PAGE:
When I watched the North Carolina versus North Carolina State game on this past Saturday night, I was wondering why Roy was playing certain players. I understand that some players may perform better in practice when compared to others. On the other hand, there are some players who perform better in games in comparison to practices. I have written about Brice Johnson on several occasions this season. At the beginning of the season, I said that he was better than James McAdoo offensively (see UNC Basketball: Is Brice Johnson Worthy Of Being A Starter?!). I have stood by this perspective since I made this statement.
It is becoming more and more apparent that Roy is still testing different lineups to see which players perform better with others. Carolina is halfway through their season and Roy is still experimenting with lineups. This is not a good sign. Let’s look that the game against N.C. State. McAdoo played horribly in the first half. The 6th man off the bench was Brice Johnson. After Carolina takes over the momentum of the game when the score was 18-22, Roy pulls Johnson out of the game and re-inserts McAdoo. I am not blaming McAdoo for the 20-2 run the Wolfpack put on the Tar Heels. But, I will say that this was the turning point of the entire game. I am firm believer of going with who is hot. Brice was playing well in the first half. Another alarming statistic is that Brice only played 10 minutes.
Roy seems dead-set on McAdoo being the go-to guy when he is average at best on the offensive. Your best player should not have a 46% field goal percentage and a 59% free throw percentage. In case you did not know, these are McAdoo’s stats. In my opinion, it is not smart to rely on someone so heavily when they have under-performed. I think McAdoo would perform well coming the bench sometimes (again see UNC Basketball: Is Brice Johnson Worthy Of Being A Starter?!). This way, he gets to see the game unfold better. Coming off the bench should not be viewed as a demotion of any sort. Last season, Syracuse’s best player and leading scorer was Dion Waiters, who happened to be the sixth man. Waiters’ star power was noticed by NBA executives, which is why he was selected by the Cleveland Cavaliers as the fourth overall pick in the 2012 NBA Draft. For Tar Heel Nation, look back at the 2008 Heels. You could argue strongly that Danny Green was the second or third most important player on that team next to Tyler Hansbrough and Tywon Lawson. He was the sixth man, and played three positions. The 2008 Carolina team has the UNC record for most victories in a season (36). This is not a coincidence.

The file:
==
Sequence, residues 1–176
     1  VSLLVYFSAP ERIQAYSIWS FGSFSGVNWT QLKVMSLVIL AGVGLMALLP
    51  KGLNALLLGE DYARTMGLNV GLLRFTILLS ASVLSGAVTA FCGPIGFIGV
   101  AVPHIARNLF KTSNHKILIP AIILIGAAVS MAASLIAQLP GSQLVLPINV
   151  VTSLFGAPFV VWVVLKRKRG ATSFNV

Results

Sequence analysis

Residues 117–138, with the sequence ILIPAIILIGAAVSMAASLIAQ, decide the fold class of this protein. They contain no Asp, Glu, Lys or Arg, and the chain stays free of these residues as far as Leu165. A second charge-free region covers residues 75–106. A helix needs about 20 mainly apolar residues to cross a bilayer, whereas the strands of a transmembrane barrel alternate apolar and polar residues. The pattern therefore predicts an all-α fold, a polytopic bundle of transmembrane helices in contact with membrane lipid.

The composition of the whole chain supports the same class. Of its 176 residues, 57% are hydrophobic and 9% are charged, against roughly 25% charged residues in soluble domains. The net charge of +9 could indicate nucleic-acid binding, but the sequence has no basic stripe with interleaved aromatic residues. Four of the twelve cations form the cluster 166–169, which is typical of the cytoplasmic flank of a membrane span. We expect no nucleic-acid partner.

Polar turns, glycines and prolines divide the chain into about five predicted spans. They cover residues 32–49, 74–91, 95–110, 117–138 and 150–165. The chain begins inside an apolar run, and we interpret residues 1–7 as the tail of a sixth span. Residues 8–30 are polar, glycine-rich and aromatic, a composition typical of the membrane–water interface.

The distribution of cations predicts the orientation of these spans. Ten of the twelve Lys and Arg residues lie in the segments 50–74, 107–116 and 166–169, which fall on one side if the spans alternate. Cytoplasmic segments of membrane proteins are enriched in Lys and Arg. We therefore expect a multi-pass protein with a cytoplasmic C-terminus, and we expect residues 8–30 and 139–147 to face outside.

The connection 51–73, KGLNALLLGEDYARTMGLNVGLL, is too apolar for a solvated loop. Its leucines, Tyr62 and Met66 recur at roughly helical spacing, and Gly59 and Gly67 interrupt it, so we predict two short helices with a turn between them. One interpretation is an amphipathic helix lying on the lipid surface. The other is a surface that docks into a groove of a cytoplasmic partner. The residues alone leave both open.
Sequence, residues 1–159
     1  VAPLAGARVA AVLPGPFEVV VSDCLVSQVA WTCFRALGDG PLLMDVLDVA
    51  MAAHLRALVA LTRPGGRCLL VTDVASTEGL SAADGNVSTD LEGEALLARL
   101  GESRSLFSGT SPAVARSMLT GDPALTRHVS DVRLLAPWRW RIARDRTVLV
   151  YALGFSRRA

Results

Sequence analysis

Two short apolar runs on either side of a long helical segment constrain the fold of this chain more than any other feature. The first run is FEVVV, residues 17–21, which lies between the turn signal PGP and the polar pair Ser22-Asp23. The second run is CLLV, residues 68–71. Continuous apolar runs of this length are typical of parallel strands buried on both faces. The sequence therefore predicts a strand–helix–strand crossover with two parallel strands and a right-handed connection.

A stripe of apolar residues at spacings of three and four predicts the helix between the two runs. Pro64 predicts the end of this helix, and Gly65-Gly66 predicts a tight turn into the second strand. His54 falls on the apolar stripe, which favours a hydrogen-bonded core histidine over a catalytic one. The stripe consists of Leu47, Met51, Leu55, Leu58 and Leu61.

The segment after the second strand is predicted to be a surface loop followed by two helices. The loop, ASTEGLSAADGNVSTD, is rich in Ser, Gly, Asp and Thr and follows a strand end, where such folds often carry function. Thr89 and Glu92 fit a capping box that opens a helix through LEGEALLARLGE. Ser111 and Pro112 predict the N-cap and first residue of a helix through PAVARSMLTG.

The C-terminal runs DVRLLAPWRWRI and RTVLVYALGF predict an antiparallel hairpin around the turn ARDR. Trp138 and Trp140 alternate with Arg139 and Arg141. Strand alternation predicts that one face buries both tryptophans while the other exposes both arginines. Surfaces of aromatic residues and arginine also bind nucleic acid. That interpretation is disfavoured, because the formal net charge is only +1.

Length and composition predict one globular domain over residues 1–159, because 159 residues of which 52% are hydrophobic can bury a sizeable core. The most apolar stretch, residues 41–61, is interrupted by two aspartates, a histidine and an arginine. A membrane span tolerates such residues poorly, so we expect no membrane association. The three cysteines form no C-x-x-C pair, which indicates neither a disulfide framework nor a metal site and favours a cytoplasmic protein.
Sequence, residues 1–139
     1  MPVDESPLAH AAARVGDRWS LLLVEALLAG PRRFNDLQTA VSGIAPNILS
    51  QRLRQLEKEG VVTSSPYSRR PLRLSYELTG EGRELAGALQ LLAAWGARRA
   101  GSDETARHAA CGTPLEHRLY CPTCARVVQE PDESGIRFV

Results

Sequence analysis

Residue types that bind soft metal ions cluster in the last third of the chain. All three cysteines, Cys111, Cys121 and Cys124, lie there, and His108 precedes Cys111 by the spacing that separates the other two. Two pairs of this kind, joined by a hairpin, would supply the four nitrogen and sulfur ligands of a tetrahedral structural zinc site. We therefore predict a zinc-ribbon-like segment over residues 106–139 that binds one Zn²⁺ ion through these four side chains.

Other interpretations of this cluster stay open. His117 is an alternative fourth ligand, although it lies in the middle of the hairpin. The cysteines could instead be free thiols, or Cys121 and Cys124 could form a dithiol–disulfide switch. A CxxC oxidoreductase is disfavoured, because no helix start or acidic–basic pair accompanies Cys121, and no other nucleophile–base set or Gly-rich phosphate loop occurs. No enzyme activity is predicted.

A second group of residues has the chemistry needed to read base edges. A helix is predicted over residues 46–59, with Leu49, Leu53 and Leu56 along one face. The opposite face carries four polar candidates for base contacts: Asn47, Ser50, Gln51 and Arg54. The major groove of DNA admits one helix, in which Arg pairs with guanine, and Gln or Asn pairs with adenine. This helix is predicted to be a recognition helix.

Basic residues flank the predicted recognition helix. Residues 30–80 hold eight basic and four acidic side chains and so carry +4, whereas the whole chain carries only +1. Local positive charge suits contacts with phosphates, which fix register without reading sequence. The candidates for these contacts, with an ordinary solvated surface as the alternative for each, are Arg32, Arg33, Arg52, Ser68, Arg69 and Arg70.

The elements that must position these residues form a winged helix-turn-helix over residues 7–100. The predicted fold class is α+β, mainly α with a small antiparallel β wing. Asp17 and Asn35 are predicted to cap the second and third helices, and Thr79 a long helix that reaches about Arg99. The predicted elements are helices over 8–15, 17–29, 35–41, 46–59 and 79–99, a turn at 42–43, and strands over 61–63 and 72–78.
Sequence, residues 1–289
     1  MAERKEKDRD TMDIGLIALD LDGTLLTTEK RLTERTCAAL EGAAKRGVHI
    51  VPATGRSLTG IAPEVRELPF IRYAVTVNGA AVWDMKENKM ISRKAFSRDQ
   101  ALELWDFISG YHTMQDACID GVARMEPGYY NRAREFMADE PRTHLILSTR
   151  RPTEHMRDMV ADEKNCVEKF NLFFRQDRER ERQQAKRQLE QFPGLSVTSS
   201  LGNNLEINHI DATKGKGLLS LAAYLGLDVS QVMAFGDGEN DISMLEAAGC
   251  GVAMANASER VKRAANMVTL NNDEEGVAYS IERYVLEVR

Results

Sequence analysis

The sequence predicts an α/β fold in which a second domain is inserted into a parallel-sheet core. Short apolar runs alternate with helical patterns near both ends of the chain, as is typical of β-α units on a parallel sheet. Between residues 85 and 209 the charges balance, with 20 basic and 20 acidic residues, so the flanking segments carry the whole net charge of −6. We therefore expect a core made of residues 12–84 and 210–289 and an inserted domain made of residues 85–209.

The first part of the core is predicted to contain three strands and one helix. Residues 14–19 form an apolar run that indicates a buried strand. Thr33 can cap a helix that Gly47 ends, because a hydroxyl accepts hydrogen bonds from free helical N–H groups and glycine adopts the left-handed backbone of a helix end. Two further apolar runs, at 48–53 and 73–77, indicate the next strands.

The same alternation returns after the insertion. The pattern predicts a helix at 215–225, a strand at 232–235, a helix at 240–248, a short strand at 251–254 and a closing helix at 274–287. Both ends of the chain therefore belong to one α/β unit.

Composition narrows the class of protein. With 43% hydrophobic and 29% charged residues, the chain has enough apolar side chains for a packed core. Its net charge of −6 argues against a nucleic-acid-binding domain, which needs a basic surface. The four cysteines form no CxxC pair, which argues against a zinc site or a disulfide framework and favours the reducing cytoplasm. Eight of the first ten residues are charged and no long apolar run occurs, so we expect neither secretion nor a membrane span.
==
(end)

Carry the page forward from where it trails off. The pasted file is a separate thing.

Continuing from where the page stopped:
Many people are calling for P.J. Hairston to start at the shooting guard position. While I agree with this, the second team also needs a scorer from the perimeter to go along with Brice Johnson. Leslie McDonald will be coming back from his suspension soon, so I expect for him take some minutes from Jackson Simmons, Desmond Hubert and Joel James. J.P. Tokoto is gradually coming into his own. The question mark remains with Hairston, though. Against N.C. State, P.J. scored 19 points in 17 minutes. Sure, he made three turnovers; however, so did Marcus Paige (played 29 minutes) and Luke Jackson (played six minutes). I heard that Roy pulled P.J. due to his mistakes, but he left UNC’s third leading scorer on the bench for a long time. When Carolina made their run in the second half, the power forward was P.J. Hairston. Carolina trimmed a 28 point deficit down to five points. However, it was too little too late. Roy inserted P.J. back in the game with seven or eight minutes left in the game when he could have used the “quick lineup” earlier in the second half.
If you recall in the loss against Butler, P.J. manned the four spot when Carolina cut a 27 point lead down to 6 points. Again, it is no coincidence that P.J. was UNC’s leading scorer against Butler with 15 points and seven rebounds in 21 minutes of play. Also in this game, McAdoo played 31 minutes but finished the game with 10 points (5 of 11 shooting), five rebounds, and seven turnovers whereas Johnson had six points (3 out of 3 field goals), one rebound and one turnover in 12 minutes of play. When I look at these losses, there seems to be a pattern: the better-performing players getting lesser minutes, inconsistent substitution patterns, and coming from behind with a deficit close to 30 points. Carolina has a really good team; however, they have no direction which comes from the coach. I hope that no one transfers after this season, because Carolina is sizing up to be a powerhouse during the 2013-2014. Until that season takes place, players need to be fed playing time now because as former N.C. State player Julius Hodge has stated, “When you’re hungry, you gotta eat.”